We Will Not Fade Away: An Authentic Denunciation of Human Rights Violations?

My ne zgasnemo (We Will Not Fade Away) is the title of filmmaker Alisa Kovalenko’s newest documentary first screened at the Berlinale film festival in February 2023, one year after the beginning of the full-scale Russian invasion of Ukraine. The film takes place in the Donbass, more precisely in Zolote-4 and the village of Stanytsia, near the frontline where Ukrainian military and Pro-Russian separatists have been fighting each other since 2014, even before Putin initiated the war against the whole country. Kovalenko started filming in the beginning of 2019 and collected material with her camera for almost three years. The documentary accompanies five teenagers growing up in an area lacking opportunities: Liza, Lera, Andriy, Illia and Ruslan.

Some scenes hit hard

As viewers, we get to know the places where they live with their families, where they meet their friends, where they pursue their hobbies. Aware of the constant threat that his region faces, in one scene Andriy tells his little brother: “Imagine, in 50 years, our village will be gone. Everyone will die, the rest will leave” (00:35). With resignation, the teenager accepts that the place where he was born has no future. It is one of the scenes that hits hard. While Andriy did not know at this time that his prediction would become reality sooner than he thought it would, as viewers we know already – or we learn about it at the end of the documentary – that his village was destroyed by Russian artillery. Any hopes for a better future did in fact fade away.

Thinking of Ukraine nowadays, we immediately have the daily news about the full-scale war that shaked Europe in mind. Of course, neither Andriy nor Kovalenko knew at that time she was filming the scene what would happen in the now present future. Originally, the filmmaker’s plan was to focus on an expedition the teenagers should take part in. As Kovalenko revealed in several interviews, for example with the Eastern European Film Bulletin, she got the idea for the documentary after meeting Ukrainian explorer Valentyn Sherbachov who told her about his plan to organize a trip to the Himalaya mountains in Nepal for a group of teenagers from the crisis-ridden Donbass as a form of “adventure therapy” (interview with Zoe Aiano, 2023). Kovalenko explains that this idea appealed so much to her that she decided to join the process. She started to film every step of it, including the preparations and the open calls which were also distributed via TV.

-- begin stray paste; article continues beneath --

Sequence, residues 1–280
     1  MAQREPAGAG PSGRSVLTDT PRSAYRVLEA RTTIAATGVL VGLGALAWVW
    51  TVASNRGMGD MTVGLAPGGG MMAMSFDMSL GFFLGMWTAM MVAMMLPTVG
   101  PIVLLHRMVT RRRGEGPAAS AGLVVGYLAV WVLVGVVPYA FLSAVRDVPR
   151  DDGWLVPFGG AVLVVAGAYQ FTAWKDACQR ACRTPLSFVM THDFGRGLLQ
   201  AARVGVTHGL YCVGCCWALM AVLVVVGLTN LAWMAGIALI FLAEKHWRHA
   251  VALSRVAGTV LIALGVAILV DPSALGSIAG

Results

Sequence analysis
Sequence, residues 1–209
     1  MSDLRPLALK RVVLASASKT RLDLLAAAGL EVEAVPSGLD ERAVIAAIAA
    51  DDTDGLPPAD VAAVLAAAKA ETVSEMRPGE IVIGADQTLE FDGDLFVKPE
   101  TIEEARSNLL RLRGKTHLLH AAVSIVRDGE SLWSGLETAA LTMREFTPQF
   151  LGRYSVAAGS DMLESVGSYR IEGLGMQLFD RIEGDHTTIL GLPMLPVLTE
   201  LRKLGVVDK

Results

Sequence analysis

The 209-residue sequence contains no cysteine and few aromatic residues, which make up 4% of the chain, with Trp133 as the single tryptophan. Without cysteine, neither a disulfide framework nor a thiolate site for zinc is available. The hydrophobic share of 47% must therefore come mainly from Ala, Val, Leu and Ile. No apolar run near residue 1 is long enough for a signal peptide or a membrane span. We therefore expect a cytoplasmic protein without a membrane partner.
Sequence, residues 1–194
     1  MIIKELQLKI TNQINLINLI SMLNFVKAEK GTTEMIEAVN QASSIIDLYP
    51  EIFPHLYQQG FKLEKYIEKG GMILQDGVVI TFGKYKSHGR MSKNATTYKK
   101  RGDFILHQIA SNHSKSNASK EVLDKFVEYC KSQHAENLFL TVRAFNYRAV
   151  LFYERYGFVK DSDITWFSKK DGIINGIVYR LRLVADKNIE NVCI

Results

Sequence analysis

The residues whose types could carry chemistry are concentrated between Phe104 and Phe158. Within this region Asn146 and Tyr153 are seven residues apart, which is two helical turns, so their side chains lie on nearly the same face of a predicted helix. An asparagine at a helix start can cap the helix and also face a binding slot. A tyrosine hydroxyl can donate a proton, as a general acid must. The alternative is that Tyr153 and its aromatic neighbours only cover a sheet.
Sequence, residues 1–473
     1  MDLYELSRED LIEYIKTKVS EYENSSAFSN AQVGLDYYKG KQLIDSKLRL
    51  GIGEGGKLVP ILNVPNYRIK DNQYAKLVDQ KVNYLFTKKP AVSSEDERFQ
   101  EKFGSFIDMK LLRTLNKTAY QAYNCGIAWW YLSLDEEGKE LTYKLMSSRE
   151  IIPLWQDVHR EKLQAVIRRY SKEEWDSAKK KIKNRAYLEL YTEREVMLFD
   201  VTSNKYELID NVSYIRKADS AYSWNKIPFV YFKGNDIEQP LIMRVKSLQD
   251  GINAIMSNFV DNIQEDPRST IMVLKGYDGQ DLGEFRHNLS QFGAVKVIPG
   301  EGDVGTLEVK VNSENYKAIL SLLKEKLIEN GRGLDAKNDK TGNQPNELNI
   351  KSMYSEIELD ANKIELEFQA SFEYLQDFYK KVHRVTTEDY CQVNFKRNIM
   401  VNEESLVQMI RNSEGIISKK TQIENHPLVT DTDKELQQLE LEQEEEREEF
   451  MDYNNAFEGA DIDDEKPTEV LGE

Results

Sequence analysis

Enough transparency?

But this is not how the documentary begins. In the first 40 minutes of the 1:40 hour film the expedition is not mentioned at all. It is introduced when Andriy watches a video of the Himalayas on his smartphone, accompanied by a male voice: “This is an invitation on a journey. […] Friends, if you are 14, 15, 16 years old, if you are dreamers and romantics. […] This exciting and romantic journey will be organized for you” (00:41-00:42). Although Sherbachov might be widely known in Ukraine, a big part of the international audience will not recognize his voice. We then observe the teenagers doing daily workouts and recording themselves addressing the mysterious Valentyn whose identity is revealed shortly after. As a viewer we easily get the impression that this open call is something that happened unexpectedly during the filming process rather than something that was at the starting point. Since we watch the teenagers taking videos of themselves to send them to Valentyn, it seems like they are applying for the trip and we begin to share their excitement: Will they succeed or not? As a matter of fact, the group of five gets the opportunity to go on the journey. In the interview with EEFB, Kovalenko explains that she originally thought the documentary would be focused more on the expedition and that Sherbachov would appear more often in it. But after a while she changed her perspective: “It’s not about the expedition, it’s not about the mountains or adventure therapy, it’s actually about the power of dreams and how you can still believe in your dreams when you are living in this kind of depressing place […]. So for me that became the main point […]” (interview with Aiano). Eventually, we witness how the young adults pave their way through the Nepalese mountains and it’s almost painful when we hear Liza saying: “It’s like I’ve never known what beauty was, and now I see it” (01:24) knowing about the dreadfulness she will face back home.

Focus on everyday life makes the film authentic